Last year the Royal United Services Institute (RUSI) think tank predicted that terrorists could put their training in countries including Somalia, Yemen or Nigeria to use on UK streets.

In a report, RUSI director-general Michael Clarke wrote: “The threat they pose, so far, is in the possibility that high numbers of such individuals, operating alone and unsupported, albeit in an amateur way, may nevertheless be lucky in a few attempts.

“They are harder to track and their behaviour much harder to predict.”

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Nordmann (35) arrestert for barnekidnapping i Holland


April 17, 2013

Source: VG

(VG Nett) En 35 år gammel nordmann ble fredag arrestert da han prøvde å ta med sine to barn ut av Nederland

 Mandag ble 35-åringen varetektsfengslet i seks dager, mens myndighetene vurderer en utlevering til Norge.

Child-Abducted_Holland

– Nordmannen ble arrestert på Schiphol-flyplassen fredag kveld, da han prøvde å ta med de to barna sine ut av landet. Det hadde han ikke lov til, sier Alfred Ellwanger, talsmann for det nederlandske grensepolitiet, til VG.Hvor nordmannen kom fra – og hvor han hadde planlagt å ta med de to barna – vil ikke Ellwanger si.

– Det er opplysninger vi ikke kan gå ut med nå, av hensyn til etterforskningen, sier talsmannen.

Ifølge politiet skal de to barna være en jente på snart to år og en gutt på fem.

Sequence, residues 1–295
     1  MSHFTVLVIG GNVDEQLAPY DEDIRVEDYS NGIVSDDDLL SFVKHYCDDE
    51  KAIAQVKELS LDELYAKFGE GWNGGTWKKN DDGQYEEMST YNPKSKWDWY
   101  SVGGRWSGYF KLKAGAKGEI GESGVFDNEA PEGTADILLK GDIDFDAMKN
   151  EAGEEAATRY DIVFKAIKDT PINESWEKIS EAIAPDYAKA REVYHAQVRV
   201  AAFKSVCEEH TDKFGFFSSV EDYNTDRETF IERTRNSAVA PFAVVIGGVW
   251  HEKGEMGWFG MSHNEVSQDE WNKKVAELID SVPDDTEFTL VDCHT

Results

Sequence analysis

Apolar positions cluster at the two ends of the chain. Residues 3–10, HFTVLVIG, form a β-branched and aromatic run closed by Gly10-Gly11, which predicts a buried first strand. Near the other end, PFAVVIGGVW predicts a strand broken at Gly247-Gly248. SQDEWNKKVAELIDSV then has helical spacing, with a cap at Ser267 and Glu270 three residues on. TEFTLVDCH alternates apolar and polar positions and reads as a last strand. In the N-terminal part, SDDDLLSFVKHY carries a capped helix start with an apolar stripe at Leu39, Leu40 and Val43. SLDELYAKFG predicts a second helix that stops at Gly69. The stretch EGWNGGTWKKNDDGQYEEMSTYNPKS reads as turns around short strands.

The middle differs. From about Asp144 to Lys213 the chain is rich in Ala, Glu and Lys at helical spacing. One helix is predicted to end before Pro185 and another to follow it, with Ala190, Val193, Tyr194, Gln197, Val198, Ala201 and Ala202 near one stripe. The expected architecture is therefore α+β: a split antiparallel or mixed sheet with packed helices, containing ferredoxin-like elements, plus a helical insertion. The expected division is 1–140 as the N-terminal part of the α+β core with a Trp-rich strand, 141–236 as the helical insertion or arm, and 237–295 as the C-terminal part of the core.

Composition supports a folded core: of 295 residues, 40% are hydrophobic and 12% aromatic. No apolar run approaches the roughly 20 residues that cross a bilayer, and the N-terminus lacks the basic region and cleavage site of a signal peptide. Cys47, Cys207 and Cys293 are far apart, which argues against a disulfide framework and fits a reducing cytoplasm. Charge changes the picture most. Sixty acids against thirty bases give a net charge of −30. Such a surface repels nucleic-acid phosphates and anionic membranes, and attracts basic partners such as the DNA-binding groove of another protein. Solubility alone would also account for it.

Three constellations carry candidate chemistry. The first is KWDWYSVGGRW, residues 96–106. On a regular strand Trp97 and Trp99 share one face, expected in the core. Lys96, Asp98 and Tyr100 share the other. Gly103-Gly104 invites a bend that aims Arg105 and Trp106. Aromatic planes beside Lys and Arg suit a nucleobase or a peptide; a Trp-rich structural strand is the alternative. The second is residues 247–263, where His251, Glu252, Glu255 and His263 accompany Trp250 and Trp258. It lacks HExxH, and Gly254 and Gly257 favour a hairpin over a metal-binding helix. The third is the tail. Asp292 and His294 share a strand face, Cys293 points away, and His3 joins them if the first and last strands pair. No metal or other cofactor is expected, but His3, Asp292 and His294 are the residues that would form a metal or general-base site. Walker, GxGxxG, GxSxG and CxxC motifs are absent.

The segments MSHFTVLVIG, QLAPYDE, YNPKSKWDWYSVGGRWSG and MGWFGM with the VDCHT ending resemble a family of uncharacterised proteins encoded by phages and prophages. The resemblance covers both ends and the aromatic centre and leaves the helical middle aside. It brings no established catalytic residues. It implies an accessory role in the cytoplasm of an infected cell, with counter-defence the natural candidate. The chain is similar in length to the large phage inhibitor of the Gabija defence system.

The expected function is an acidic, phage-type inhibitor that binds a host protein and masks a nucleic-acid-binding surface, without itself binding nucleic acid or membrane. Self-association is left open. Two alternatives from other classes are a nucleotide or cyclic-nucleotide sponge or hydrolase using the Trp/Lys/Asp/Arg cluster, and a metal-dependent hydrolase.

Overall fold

– De er plassert i fosterhjem, sier Ellwanger.

UD opplyser til VG at de ikke kan kommentere saken onsdag kveld.

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Dad makes film in bid to find abducted daughter


March 18, 2013

Source: ninemsn

A filmmaker desperate to reunite with his abducted daughter has made a movie he hopes will inspire her to find him a decade after she was taken away.

Brozzi Lunetta has been searching for his 11-year-old daughter Reya since she was abducted by her mother Camilla Ellefsen, 40, as a baby during a bitter custody dispute in 2002, the Herald Sun reports.

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After more than 10 years searching and failed attempts by Australian authorities to track the pair down, Mr Lunetta has made the feature film “Reya” so that “my daughter can find me”.

“It’s my way to use a fictional tale to get the story out there again, to remind people that my daughter is still missing,” Mr Lunetta told News Limited.

“Perhaps if we could get Camilla’s face out there it would lead to new information.”

The film is about an investigator who comes to believe a 20-year-old murder victim is his daughter who disappeared 20 years earlier.

Reya Lunetta pictured before she went missing in 2002. She is now 11 years old. (image supplied)

Reya Lunetta pictured before she went missing in 2002. She is now 11 years old. (image supplied)

Many actors including Yohanna Idha, who won best actress at the Stockholm International Film Festival in 2011, worked on the project for free.